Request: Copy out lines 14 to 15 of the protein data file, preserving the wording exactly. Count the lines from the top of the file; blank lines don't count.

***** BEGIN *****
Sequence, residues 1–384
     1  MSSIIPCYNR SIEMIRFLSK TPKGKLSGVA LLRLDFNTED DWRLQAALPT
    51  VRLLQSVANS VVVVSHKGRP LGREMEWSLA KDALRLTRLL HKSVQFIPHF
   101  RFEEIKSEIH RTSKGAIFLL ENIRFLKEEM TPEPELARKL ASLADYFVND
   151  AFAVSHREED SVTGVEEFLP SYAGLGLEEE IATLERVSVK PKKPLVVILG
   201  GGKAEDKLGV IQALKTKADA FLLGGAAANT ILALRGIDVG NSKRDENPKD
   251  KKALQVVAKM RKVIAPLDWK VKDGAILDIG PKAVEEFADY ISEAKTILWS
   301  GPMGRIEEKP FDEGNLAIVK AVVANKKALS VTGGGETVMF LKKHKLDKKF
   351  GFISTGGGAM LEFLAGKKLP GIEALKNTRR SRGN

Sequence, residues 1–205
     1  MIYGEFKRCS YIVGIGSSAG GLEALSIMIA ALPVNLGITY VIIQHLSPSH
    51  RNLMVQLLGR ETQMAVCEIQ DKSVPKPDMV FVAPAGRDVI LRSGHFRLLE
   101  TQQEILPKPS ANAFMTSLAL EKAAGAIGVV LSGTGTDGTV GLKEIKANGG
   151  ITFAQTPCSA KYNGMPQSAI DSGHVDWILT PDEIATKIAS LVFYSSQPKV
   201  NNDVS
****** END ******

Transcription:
   151  ITFAQTPCSA KYNGMPQSAI DSGHVDWILT PDEIATKIAS LVFYSSQPKV
   201  NNDVS